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Divxnetworks is perched above  the scrubby arroyos north of San Diego in one of the sprawling industrial haciendas that house the area’s technology companies and surviving dot coms. I enter one of these low-slung buildings, which also happens to be where got its start, and walk through a kitchen into a windowless cave the size of a basketball court. Large enough to hold most of the company’s 34 employees, the room is filled with three rows of computer-laden tables. Along both sides of the tables is a phalanx of high tech Herman Miller Aeron chairs.

Rota is a tall, loose-limbed man who glides through space, peering quizzically at the world through black-framed glasses. His dark hair, pulled into a ponytail, frames his long face, and the hint of a smile tugs at the corners of his mouth. He is witty and irreverent, and he knows how strange it is for a former hacker from the media backwater of southern France to be living in California, snapping at Hollywood’s heels.

In a conference room that holds two big television screens, Bridget Jones’s Diary runs side by side in two versions. One is a store-bought DVD. The other is a compressed DivX video. At first glance, the two are nearly indistinguishable. When I open the cabinets under the televisions, I learn that the movies are playing not on video recorders but on computers. Industry wisdom says that video-on-demand will not become a mass phenomenon until someone supplies the electronic devices necessary for wiring televisions, personal digital assistants, and other consumer electronics directly to the Internet. And this is where DivXNetworks hopes to make its money. The company wants to see DivX technology built into every consumer product with a screen, allowing DivXNetworks to collect licensing fees and other payments.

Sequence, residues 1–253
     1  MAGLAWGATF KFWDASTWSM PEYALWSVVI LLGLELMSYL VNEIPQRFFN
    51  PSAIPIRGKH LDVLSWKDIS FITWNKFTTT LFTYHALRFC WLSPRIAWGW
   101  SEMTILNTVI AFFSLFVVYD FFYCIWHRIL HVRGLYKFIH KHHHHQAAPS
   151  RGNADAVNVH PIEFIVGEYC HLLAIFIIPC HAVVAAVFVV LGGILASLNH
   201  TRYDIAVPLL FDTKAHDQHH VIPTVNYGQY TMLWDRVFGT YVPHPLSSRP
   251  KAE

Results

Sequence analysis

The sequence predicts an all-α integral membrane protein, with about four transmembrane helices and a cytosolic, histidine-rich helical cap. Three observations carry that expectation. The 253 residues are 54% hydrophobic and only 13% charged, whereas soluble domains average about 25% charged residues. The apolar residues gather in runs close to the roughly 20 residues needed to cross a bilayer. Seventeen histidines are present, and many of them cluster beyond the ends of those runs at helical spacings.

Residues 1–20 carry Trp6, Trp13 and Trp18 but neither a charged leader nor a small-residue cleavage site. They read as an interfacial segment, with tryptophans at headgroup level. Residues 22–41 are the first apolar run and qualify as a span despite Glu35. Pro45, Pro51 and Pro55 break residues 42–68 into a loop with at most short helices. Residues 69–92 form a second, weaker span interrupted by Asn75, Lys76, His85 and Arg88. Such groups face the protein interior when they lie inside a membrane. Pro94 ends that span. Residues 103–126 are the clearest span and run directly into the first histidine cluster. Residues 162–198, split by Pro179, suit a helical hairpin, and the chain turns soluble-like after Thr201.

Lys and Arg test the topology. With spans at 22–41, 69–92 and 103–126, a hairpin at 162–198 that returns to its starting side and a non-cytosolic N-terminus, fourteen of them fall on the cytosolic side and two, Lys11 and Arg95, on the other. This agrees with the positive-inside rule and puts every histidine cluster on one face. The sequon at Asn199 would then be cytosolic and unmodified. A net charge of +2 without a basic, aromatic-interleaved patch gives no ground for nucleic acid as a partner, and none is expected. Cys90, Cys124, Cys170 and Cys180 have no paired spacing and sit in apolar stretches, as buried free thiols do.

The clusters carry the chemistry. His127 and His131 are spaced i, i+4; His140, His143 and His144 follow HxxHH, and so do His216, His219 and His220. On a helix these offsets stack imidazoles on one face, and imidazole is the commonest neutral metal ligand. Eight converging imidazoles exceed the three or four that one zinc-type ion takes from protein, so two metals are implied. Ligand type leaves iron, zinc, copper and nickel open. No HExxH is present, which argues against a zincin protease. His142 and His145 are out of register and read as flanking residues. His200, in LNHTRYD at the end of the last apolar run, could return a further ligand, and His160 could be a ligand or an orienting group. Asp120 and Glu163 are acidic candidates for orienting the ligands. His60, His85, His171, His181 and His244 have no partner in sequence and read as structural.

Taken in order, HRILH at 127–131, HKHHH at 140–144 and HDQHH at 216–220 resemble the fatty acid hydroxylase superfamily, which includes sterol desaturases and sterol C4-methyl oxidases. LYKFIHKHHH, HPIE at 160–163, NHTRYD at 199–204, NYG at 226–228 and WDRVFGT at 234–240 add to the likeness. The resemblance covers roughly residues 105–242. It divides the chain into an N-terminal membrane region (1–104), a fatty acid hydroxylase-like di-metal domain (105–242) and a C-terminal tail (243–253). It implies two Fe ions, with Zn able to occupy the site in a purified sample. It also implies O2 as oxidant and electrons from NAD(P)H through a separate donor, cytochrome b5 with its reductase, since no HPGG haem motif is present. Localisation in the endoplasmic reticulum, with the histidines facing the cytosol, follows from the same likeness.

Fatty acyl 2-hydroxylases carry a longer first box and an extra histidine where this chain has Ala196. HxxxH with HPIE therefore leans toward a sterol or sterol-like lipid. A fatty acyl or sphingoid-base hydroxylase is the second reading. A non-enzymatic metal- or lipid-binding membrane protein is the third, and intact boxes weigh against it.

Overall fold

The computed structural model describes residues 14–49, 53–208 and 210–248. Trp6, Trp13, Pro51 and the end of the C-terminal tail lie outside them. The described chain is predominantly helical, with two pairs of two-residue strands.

This ambition pits the small startup squarely against some of the industry’s giants. “I think it’s going to be pretty tough,” says Andrew Frank, technology officer at Viant, a media consultancy. “They’re going head-to-head against Microsoft, and the best technology doesn’t necessarily win.”

The plan raises another question. Has Rota gone over to the “other side”?

“DivX wasn’t designed as a tool for pirates,” Rota says. “We saw what Napster was doing to the music world and didn’t want to make the same mistake. I support free speech, but I don’t support the pirate’s idea of free speech,’ which is nothing more than an ideological cover for stealing other people’s stuff. You can’t please only the copyright holders or only the end users who want everything for free,” he says. “There has to be a third way, some middle ground allowing people to get movies on their personal computers.”

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